trever at cyberdex.ca
Wed Mar 23 07:53:00 PST 2005
Dwayne C. Litzenberger wrote:
> Let's say that you rely on Program X to carry out your day-to-day
> business. Now assume that something about your business changes, and
> Program X no longer does exactly what you need it to do. You need to
[but it does do at least some portion of what you need it to do]
> change the way Program X functions. If your supplier for Program X
> anticipated your needs, then the cost of making the change is relatively
> small, since you only need to change Program X's configuration. But
> what if Program X doesn't already have the ability to do what you want?
> You need a custom change. How much will that cost?
> If Program X is proprietary software, the cost of changing it depends on
> the program's vendor. If the vendor cooperates with you to get you the
> changes you need in a reasonable amount of time at a reasonable cost,
> then your costs are relatively little. However, if the vendor does not
> cooperate -- such as if they demand that you first "upgrade" to Program
> Y (which requires new hardware, a new proprietary operating system, etc)
> or if you are simply too small for them to care about your specific
> needs -- then the cost of changing Program X skyrockets: You have to
> hire one or more expensive genius-programmers to reverse-engineer
> Program X and implement your changes, or you have to hire someone to
> re-implement large portions of Program X from scratch, or maybe you just
> can't afford it and you go out of business.
A little extreme. Businesses generally don't take kindly to scare
tactics. Also, many places will think nothing of paying their wage slave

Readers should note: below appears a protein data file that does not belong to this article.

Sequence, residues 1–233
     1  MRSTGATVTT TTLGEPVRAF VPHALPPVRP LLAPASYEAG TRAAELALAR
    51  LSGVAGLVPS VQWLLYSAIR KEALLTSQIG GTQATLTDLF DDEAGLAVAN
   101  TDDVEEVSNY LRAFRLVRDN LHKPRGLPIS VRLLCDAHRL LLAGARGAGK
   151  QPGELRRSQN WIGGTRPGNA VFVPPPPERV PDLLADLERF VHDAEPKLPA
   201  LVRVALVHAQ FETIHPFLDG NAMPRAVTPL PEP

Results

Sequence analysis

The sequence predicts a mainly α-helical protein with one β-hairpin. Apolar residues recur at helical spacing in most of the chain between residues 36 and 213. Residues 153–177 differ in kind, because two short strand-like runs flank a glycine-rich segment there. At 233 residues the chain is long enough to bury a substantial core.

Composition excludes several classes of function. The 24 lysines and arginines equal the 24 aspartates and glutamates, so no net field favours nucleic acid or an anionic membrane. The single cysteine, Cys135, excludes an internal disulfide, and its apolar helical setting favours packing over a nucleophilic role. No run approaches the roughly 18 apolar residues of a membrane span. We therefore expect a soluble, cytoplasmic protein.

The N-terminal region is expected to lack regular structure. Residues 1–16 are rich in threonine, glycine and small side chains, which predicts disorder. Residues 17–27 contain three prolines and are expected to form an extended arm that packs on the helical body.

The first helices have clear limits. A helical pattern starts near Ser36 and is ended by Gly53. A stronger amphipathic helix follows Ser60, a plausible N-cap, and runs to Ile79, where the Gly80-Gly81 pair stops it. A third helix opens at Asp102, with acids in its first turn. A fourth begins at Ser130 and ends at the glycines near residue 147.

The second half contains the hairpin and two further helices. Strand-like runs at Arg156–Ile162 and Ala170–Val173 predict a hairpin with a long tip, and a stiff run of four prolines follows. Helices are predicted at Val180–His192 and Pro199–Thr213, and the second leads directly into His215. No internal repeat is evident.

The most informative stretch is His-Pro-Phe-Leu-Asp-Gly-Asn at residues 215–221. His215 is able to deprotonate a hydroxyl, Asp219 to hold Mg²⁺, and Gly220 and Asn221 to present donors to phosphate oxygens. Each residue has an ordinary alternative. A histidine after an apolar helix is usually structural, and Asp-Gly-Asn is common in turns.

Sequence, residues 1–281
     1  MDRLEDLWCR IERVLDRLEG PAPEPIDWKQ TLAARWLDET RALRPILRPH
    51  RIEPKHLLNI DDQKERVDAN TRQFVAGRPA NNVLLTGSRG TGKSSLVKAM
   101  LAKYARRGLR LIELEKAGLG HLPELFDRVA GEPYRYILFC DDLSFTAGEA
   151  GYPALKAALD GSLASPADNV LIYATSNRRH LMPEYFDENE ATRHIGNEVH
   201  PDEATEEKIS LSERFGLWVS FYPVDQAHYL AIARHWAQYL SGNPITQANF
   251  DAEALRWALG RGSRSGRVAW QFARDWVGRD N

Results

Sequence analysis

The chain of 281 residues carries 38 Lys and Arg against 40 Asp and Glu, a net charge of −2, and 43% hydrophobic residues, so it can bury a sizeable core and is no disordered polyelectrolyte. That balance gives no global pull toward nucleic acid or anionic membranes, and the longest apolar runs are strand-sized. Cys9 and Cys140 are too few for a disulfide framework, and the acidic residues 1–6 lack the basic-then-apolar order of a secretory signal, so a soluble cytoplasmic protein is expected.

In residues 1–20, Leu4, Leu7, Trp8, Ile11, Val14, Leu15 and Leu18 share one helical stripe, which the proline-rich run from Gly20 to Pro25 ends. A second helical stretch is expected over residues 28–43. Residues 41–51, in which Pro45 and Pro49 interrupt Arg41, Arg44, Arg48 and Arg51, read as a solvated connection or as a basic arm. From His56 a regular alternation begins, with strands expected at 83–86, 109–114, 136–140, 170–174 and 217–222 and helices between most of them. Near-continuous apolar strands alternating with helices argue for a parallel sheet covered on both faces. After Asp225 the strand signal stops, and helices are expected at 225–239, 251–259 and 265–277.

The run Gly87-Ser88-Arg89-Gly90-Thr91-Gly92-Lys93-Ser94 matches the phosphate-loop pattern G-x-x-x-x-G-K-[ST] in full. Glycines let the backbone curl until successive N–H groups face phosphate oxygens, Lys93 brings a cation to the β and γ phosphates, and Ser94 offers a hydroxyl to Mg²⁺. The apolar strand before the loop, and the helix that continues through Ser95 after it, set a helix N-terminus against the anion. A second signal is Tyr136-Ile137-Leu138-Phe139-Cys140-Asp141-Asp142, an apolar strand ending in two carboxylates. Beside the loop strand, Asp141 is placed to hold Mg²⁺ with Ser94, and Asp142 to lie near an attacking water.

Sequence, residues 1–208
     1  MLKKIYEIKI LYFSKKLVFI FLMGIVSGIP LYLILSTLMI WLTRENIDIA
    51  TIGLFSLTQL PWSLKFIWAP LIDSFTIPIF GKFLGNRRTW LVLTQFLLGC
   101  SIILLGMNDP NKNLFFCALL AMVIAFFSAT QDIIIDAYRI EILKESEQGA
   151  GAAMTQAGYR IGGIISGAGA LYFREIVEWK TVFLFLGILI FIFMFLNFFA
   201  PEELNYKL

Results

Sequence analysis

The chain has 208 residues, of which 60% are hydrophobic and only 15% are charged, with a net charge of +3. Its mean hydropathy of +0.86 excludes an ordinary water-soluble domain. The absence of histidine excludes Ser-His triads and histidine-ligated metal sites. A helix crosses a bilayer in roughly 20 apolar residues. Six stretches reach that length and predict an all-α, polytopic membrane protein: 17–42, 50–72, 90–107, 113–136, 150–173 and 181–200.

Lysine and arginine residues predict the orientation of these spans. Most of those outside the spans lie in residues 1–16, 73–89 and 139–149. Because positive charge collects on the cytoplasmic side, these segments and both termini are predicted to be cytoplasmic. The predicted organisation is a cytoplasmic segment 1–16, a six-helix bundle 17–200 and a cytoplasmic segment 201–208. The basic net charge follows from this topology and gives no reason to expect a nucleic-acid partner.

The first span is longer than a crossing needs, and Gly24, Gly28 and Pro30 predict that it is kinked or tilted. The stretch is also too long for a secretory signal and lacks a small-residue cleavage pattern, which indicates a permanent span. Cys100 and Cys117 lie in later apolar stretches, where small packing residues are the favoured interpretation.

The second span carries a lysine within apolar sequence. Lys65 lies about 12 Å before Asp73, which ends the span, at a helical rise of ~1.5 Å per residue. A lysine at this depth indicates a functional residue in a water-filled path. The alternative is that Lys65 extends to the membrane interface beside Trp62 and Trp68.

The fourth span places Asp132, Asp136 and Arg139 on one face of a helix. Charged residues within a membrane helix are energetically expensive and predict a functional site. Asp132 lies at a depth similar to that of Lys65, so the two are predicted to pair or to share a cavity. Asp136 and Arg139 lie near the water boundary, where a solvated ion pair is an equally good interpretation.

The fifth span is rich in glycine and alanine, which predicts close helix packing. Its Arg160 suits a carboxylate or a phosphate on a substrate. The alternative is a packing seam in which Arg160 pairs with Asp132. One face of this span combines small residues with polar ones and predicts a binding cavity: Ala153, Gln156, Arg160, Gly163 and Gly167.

employees to do a bit of constantly reoccuring manual grunt work to make
their business process work. So what if the program only does 80% of
what they would really like it to do... they'll get by with that 80% and
a bit of paper shuffling or manual data diddling in excel or whatever.
They rarely get 100% utilization out of their employees anyways, or so
their thinking goes. They'd also rather spend a small portion of $ on
a regular basis on direct expenses (salary) than on big hits up front on
capital expenditures which require at a minimum 3 years to write off
hardware, and in some cases a bit less for software. This is why
there's lots of places running Win9x still, believe it or not.
On the other hand, if they can't get by with a static it infrastructure
or off-the-shelf stuff and need something with ongoing support and
customizations, if you can give them the hardware and software on a
leased basis, so that it becomes a monthly reoccuring direct expense
that they can write off immediately, they are more likely to gravitate
It's all about the $. Businesses mostly don't care about freedom or
anything else unless it hits them in the pocket book. Here is where
you can leverage some verbage about open document formats (and therefore
not being locked into vendor office suite upgrade cycles for instance...).
I'm rambling. Back later when I've had my morning coffee fix.
trever at cyberdex.ca
Cyberdex Systems Consulting Corp.
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